How sad I am, each day I feel worse,
My mark of Ham seems to be a curse!
How will it end? Ain't got a friend,
My only sin Is my skin.
What did I do, to be so Black And Blue?
Sadness, of course, is universal. Samsara, a video playing in the back room, consists of three screens, each dominated by a series of close-up human faces -- male and female, black and white -- weeping. The title comes from the Buddhist term for the human cycle of birth, death and rebirth, when the soul is trapped in desire and the grief it causes. Looking at these people in tears, with liquid coming from eyes and sometimes nostrils, made me so uncomfortable that I took refuge in wondering what was making them cry. Were they acting, or thinking about past sorrows?
Relief can be found in the front gallery, a romantic noir narrative of loneliness and conflict told through a series of black-and-white drawings. Titles are appropriated from more blues lyrics, the classic example of turning despair into art. An allegory of racial interaction may be found in the intertwining dialogue between black and white. Sometimes space, sometimes thing, sometimes mass, sometimes outlines, areas of ink and white paper continually reverse themselves, materials of representation rather than the colors of skin. Black or white objects against black or white grounds are made visible by their interaction.
Crossroads Blues (2009), for example, is an image of a kneeling black figure manifested in white outlines against a black ground. The only white objects are his shirt, the white gloves on his upraised hands, and the cross of four directions above his head. And in Midnight blues (2009), a man sits on the edge of a bed, as light coming in from the side illuminates his feature and the sides of his legs and then falls on his guitar. Small white spaces in the window’s painted ink sky turn into the moon and stars.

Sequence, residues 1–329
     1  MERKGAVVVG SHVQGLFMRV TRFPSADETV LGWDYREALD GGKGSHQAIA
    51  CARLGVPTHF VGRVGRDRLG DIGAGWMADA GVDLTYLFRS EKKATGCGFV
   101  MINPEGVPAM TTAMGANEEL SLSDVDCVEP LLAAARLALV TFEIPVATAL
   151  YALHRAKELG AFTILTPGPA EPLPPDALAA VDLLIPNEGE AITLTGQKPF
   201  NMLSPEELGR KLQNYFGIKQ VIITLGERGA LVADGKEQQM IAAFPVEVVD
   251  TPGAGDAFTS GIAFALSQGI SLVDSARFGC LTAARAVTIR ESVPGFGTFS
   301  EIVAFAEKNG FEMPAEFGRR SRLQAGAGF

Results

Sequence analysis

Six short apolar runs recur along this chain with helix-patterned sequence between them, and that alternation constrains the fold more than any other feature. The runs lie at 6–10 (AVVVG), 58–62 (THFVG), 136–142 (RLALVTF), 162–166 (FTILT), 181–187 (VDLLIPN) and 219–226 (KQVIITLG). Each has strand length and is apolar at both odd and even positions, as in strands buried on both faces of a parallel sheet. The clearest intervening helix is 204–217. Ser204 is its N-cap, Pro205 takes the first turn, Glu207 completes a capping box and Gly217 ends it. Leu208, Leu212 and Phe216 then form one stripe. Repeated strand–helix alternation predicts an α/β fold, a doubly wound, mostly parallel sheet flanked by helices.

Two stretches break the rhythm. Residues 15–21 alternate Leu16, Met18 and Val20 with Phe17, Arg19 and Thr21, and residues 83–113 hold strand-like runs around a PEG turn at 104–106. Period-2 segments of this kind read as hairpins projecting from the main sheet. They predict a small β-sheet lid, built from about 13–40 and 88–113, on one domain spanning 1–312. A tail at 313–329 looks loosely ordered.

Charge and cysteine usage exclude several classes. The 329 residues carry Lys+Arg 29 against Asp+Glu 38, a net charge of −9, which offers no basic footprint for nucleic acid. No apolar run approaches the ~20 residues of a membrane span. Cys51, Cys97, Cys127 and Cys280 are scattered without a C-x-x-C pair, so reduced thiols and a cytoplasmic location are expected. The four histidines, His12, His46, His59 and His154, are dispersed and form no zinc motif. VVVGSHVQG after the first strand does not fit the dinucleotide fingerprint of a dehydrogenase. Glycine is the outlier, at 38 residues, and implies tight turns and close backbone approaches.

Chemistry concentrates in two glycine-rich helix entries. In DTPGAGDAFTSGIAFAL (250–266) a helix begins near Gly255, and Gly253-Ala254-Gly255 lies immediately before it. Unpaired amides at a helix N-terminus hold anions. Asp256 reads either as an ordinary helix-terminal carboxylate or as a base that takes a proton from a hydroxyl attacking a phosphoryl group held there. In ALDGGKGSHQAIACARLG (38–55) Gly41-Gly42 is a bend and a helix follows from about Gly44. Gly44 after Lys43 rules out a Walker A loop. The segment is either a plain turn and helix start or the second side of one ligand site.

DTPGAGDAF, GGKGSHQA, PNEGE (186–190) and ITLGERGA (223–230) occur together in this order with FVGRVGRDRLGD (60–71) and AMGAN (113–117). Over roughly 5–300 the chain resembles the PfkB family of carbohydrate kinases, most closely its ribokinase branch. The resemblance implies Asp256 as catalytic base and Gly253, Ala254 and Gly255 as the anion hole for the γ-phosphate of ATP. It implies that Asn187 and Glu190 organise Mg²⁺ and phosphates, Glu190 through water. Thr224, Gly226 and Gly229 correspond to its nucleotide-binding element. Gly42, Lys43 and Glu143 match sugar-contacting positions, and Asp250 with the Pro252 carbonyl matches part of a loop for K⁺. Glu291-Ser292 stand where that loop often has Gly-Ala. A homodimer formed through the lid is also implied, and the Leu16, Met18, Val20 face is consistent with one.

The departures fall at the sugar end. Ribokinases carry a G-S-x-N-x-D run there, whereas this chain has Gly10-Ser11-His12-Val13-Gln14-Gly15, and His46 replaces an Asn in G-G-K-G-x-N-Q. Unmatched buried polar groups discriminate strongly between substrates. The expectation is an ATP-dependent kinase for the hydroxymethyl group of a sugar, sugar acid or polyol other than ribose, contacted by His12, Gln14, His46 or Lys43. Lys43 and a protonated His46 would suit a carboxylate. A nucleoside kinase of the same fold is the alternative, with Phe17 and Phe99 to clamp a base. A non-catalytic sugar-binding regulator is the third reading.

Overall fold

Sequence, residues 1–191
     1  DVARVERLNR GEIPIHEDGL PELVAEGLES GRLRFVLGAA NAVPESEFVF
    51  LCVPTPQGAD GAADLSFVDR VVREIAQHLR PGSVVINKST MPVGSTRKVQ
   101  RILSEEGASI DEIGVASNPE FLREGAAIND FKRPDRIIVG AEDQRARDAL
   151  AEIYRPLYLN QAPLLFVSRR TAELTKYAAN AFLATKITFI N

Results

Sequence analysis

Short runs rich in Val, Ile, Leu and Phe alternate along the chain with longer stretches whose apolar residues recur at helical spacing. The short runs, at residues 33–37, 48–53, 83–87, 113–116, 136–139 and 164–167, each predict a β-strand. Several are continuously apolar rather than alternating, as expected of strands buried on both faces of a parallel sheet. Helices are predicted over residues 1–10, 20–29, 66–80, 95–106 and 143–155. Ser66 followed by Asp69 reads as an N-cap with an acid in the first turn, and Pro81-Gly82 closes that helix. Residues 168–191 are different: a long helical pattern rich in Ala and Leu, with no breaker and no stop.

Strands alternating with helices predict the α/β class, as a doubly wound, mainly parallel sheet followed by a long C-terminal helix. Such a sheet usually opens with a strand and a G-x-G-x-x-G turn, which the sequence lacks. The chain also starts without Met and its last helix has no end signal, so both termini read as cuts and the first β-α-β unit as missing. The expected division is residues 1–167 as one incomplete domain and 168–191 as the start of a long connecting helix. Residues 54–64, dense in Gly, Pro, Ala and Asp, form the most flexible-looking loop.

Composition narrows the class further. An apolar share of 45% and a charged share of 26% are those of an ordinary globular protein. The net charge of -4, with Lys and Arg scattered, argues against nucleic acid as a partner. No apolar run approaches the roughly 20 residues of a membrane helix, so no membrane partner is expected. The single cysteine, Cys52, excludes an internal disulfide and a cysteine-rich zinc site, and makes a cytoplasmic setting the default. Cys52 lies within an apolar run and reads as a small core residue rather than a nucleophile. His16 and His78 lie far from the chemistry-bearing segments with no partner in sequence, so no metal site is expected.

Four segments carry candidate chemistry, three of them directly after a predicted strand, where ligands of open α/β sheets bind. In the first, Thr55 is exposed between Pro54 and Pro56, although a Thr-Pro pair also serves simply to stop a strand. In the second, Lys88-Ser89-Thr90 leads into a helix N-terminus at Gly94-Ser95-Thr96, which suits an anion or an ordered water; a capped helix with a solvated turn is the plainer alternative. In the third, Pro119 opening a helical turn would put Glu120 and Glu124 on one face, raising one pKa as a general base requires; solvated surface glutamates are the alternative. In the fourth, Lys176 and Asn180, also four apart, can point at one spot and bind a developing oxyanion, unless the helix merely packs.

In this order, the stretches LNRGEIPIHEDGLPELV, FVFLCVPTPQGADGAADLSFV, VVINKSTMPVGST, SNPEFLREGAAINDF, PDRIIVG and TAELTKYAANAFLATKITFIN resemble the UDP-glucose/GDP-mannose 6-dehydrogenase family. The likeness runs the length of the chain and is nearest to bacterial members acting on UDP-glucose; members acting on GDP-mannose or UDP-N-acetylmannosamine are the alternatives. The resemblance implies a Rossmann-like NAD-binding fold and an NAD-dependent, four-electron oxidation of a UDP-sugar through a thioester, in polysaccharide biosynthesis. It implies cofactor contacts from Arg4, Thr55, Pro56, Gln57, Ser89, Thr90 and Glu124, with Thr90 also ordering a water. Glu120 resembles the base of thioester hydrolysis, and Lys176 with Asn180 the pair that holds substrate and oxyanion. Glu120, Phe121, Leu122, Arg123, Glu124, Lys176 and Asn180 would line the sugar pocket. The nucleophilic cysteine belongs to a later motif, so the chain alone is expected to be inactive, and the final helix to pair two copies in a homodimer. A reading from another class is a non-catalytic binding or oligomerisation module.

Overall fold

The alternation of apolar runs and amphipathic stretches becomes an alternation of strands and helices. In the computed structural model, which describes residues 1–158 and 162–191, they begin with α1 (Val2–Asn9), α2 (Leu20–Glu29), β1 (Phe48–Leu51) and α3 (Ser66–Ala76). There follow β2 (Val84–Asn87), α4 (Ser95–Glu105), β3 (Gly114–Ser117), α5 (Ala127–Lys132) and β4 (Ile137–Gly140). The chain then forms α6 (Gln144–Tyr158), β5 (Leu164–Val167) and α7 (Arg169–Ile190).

The idea of the body as a receptacle for past emotional baggage becomes concrete in a sculpture and a painting that are also in the main gallery. Hers (2010) is a pair of mannequin legs in high heels topped with a pile of seven suitcases labeled with dates, from 60-67 to 04-10. The male version is a painting on a large wood panel called His (2010). The numerous problems he carries are contained in a seemingly infinite pile of baggage delineated in black with white lines, heaped every which way against a white background.
Cole is known for his use of found objects. As metaphors for slavery’s branding and African American domestic labor, he’s dismantled electric irons and turned them into sculptures reminiscent of African masks, and heated them to make scorched paper diagrams of slave ships. More recently, he’s been assembling thrift shop high heels (presumably discarded after lifetimes of painful traveling). Standing near the gallery’s entrance, Shoe Bouquet (2009) conjures up lives filled with the rootlessness often referred to in the blues. Love leads to violence and loneliness, and someone is always getting ready to leave. Prices range from $7,500 to $25,000 and the show is up until April 24.
ELISABETH KLEY is a New York artist and writer.